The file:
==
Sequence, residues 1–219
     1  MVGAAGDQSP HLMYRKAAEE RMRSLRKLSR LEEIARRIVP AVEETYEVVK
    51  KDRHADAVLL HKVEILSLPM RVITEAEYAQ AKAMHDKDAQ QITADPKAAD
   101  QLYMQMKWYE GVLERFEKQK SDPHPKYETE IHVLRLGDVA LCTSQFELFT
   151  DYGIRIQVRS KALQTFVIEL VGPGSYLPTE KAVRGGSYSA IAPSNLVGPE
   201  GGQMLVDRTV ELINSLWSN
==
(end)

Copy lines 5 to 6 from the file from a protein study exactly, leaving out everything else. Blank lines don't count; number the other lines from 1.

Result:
   151  DYGIRIQVRS KALQTFVIEL VGPGSYLPTE KAVRGGSYSA IAPSNLVGPE
   201  GGQMLVDRTV ELINSLWSN